Engineering Projects/Poppit/Howard Community College/Fall2011/502 AZM

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Problem Statement[edit | edit source]

Use math of various types to analyze poppit, and then try to use this new knowledge to devise strategies or algorithms to play the game better.

Team Members[edit | edit source]




Summary[edit | edit source]

People can approach math in different ways in the game. It depends on how you look at it. You can look at the game as a matrix board and try to eliminate the rows and columns by matching the color of the balloons and eliminating them periodically.

team weekly reports.

Poster[edit | edit source]

Poppit Graphic

Story[edit | edit source]

Our project was to analyze poppit mathematically. The first step was to decide how to look at the game board itself. Determining the irrelevant information was the first obstacle. The shape of the balloons and the little prizes inside some them make the game more interesting visually, but they do not add to the math of trying to eliminated all the balloons.

Since none of us are mathematicians we went to see a math instructor at the college, Roger Hartman. He helped us come up with many ideas and paths of thought that may be of use in the project. We even discussed making each value of a matrix set to a sinusoidal wave-function which would interfere with the spaces around it, which would be out of phase with it due to their position. If the interference produced a zero due to destructive interference then the balloons were of the same color and could be popped. While interesting, this proved more complex than necessary.

Another interesting thing we came across was a theorem that proved that any map could be colored with only four colors, and none of the boundaries of the same color would touch. If applied to poppit, it means one could conceive of a board in which no moves were possible at all, because none of the balloons would be adjacent to each other (Poppit has five colors, but that just means this is even easier to accomplish). Since the board is randomly generated, unless there is an internal regulator against such things, this proves that statistically there will be an impossible poppit board eventually, i.e. not every board is winnable.

One way we decided to approach the game was as either a large matrix or as a series of interconnected sets. With the approach of the matrix, one can view balloons simply as numbers, one through five representing the different colors of balloons, and zero being the value of an empty space. This way you start off with a 10x15 matrix, where every space is a number between one and five. The goal was then to find mathematical operations one can perform to first search the matrix for numbers of equal value which were adjacent to each other, and then could "pop" those spaces by making them both zero. In addition to making just two of them zero, it would then also attempt to match any other spaces adjacent to the first adjacent one.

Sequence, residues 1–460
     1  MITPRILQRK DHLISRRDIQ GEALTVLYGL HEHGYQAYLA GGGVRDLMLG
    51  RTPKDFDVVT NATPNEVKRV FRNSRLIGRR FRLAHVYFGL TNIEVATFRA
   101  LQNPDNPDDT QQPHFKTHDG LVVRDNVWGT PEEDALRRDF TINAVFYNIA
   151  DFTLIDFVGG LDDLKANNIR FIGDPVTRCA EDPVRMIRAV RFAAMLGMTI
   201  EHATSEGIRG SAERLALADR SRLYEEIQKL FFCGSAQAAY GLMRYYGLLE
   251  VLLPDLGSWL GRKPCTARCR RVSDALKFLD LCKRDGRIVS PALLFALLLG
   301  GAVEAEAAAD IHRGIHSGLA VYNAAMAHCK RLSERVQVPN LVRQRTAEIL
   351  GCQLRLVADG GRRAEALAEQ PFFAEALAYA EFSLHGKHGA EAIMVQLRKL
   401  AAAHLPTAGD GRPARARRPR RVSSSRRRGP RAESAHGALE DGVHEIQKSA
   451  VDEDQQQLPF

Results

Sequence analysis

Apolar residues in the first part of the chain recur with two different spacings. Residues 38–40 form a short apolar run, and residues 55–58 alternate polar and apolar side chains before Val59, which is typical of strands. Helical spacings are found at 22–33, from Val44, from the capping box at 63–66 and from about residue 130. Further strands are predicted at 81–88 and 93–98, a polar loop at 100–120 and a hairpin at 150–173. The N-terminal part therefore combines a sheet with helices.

Another step in the algorithm would be to always check for zero spaces between spaces with nonzero values. This is how one would make sure the balloons rise up when ones above them are popped, or shift towards the center when whole columns are eliminated.

Strategy guides we found online here and here alluded to the fact that each poppit board that is generated is almost entirely random, so it is likely that some boards are winnable and others simply are impossible regardless of your strategy.

What we have done successfully is establish a way to view poppit mathematically, and potentially write some sort of program that could play poppit for you. We have also proved that unless there is something about the game we have not been told (i.e. something inside the program that keeps it from making an impossible game), it is in fact sometimes unwinnable.

Decision List[edit | edit source]

Our first decision was how to get in contact with someone from the math department to talk about what kind of math this project would involve. Next we just discussed ideas about moving forward with the math we had found.

Material List[edit | edit source]

Our work was more an intellectual exercise rather than a construction project. Our materials were essentially our engineering notebooks and the computer.

Software List[edit | edit source]

The only software we used was Google chrome to play Poppit in, and experiment with its parameters.

Time[edit | edit source]

It is difficult to say how long it would take to program a computer to beat poppit, because it is less a programming exercise and more a mathematical proof. With access to a program like Mathematica it should be possible to replicate playing poppit in a program using the types of maneuvers we thought of. This would probably take a few weeks to nail down the exact mathematical operations to go with our theories, and then to write a looping program to scan the randomly generated "poppit board" matrices.

Tutorials[edit | edit source]

Textbooks I consulted were about linear algebra and game theory. The primary ones I explored are below: "Decision Making Through Operations Research" by Robert J. Thierauf and Richard A. Grosse. "Discrete Mathematics with Game Theory" by Edgar G. Goodaire and Michael M. Parmenter. "Numerical Methods Using Mathcad" by Laurene Fausett.

Next Steps[edit | edit source]

The next thing yo do in this project would be to figure out how to perform these matrix operations that would clear rows, and move values around within the matrix. I do not believe it is possible to make a robot that always wins at poppit, due to the four color theorem, but through testing of the replicator one could fine tune its move order to potentially make one that wins some of the time.